Emptiness and Practice

Many people seem to think that the teaching is emptiness is perhaps only for intellectual exercise. They think that talks about emptiness are for those who study Buddhism academically and have little to do with practice.

However, emptiness is at the heart of practice. Your practice won’t go anywhere without realization of emptiness, and in fact fully knowing emptiness is the mark of your practice. It is the ‘benchmark’ that tells if your practice has reached the intended goal or not.

The Buddha taught that there are three main components of practice — morality (or Sila), concentration, and wisdom. Without morality, concentration is not possible, and without concentration, wisdom is not possible. There can be no concentration without morality because if you live a very sinful life then your mind will be scattered too much and you will be distracted by all the immoral things you are doing, so it is not possible to concentrate at all. The mind that is free from these sinful acts (killing, stealing, committing sexual misconduct, lying, taking intoxicants and perhaps others in some cases) is the mind that free from distractions, and hence is ripe for meditation practice.

Furthermore, there can be no wisdom without concentration because we are talking about the kind of wisdom that is so close to us that we in fact become the wisdom. This is not mere reception of information, but the wisdom here has to penetrate deeply into your heart so that you are changed because of it. And this is not possible at all if you do not do meditation practice.

But here is the point: The wisdom I am talking about is nothing other than the realization of emptiness. Here all schools of Buddhism concur. You can study about emptiness in a classroom but then you would merge yourself into it and become one and the same with the teaching unless you take the emptiness to your heart. Then, and only then, will your defilements be eradicated and you be established on the Path.

So emptiness cannot be separated from meditation practice. Without the wisdom of emptiness, no Buddhahood is possible. And without meditation practice, no such wisdom is possible. This is why the study of emptiness cannot be separated from practice in any way.

2 thoughts on “Emptiness and Practice

  1. Cittasamvaro April 27, 2008 / 7:05 pm

    Thanissaro Bhikkhu says in an excellent text on Emptiness:
    The Buddha’s teachings on emptiness — contained in two major discourses and several smaller ones — define it in three distinct ways: as an approach to meditation, as an attribute of the senses and their objects, and as a state of concentration

    The essay is here: http://www.accesstoinsight.org/lib/authors/thanissaro/integrityofemptiness.html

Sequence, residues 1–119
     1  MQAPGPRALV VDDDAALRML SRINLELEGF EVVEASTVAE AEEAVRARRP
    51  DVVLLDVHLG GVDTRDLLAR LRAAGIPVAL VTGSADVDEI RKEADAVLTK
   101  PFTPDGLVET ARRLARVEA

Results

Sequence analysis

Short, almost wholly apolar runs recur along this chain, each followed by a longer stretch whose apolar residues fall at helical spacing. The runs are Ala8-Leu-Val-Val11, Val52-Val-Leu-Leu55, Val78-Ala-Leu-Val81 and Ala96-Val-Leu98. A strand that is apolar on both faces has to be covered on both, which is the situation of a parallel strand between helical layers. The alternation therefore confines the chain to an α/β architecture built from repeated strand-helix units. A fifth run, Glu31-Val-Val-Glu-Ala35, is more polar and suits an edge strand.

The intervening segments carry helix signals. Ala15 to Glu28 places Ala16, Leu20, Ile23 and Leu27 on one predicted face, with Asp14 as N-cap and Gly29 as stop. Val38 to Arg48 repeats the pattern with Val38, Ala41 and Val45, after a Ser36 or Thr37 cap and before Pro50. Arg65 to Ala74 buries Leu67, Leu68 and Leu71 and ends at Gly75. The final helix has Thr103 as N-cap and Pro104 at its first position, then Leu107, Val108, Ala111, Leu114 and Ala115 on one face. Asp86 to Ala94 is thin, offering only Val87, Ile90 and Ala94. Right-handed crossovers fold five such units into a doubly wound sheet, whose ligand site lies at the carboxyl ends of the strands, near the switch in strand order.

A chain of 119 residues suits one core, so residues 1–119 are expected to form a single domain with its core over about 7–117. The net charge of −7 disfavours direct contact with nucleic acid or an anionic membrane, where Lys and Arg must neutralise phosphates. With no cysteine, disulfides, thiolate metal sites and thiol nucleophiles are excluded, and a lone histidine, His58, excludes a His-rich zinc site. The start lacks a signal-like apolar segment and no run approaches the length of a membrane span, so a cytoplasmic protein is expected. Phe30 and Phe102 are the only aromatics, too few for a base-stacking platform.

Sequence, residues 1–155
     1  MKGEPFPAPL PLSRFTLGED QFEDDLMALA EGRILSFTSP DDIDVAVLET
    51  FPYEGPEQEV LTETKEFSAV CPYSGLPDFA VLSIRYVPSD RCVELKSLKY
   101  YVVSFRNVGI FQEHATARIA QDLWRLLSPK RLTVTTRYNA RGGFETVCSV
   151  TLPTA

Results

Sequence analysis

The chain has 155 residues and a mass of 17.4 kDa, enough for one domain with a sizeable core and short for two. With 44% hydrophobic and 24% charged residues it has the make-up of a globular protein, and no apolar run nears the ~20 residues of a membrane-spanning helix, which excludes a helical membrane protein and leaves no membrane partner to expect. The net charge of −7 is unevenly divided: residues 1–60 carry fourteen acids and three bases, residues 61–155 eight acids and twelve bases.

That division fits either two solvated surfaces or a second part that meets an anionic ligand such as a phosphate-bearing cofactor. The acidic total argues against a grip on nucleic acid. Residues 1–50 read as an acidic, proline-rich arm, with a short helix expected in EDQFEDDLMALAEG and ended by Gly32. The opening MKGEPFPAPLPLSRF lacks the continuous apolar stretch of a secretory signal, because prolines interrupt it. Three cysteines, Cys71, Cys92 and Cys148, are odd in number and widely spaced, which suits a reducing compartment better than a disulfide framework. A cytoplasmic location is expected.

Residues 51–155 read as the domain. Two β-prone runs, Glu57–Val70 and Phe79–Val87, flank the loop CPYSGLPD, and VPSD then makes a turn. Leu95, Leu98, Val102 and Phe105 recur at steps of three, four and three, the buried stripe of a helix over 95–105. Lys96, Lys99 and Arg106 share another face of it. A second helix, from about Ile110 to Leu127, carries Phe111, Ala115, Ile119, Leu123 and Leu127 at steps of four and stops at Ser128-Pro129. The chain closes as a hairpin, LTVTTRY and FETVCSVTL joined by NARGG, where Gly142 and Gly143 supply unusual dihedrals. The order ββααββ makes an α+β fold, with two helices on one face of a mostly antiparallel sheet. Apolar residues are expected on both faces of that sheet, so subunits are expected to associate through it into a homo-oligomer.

In the Majjhima the Buddha tells Sariputta that Emptiness is the appropriate dwelling of an arahant. Of course, in Mahayana the teaching was developed much further, but like most Mahayana teachings, there are roots in the Pali.

  2. soraj April 27, 2008 / 8:22 pm

    Thanks for your comments. The Thanissaro article is really great. I don’t think there is any real differences between what Ven. Thanissaro has said and the typical Mahayana attitude. What is key is that understanding things as not having inherent characteristics is indeed contained in the Buddha’s teachings. However, the teachings could be regarded in many ways and at many levels depending on the circumstances and on the audience.

    What Ven. Thanissaro is emphasizing is the possible downside of Nagarjuna’s Doctrine on Emptiness. This is why Nagarjuna said in the text that an incorrect understanding of Emptiness is like catching a snake at the wrong end. A mistaken conception of Emptiness would besomething like: If things are really empty, then one can do anything, and one’s practicing the Dharma would be of no use, because there is no one who practices, no paths, no goals. One could as well do anything one pleases. But that is totally wrong and should be made clear at the beginning that this is the gross misconception that will lead one straight to the lower realms.

    So it is appropriate to approach the Emptiness teaching gradually. One starts by actually following what Ven. Thanissaro is suggesting. In the text he cited the Sutta and says that “In this way he is released from the mental fermentations — sensual desire, becoming, views, ignorance — that would “bubble up” into further becoming. He observes that this release still has the disturbances that come with the functioning of the six sense spheres, but that it’s empty of all fermentation, all potential for further suffering and stress.” One is relieved from all causes and conditions that lead one to sufferings. This is Emptiness. In the end there remains nothing that is fabricated at all.

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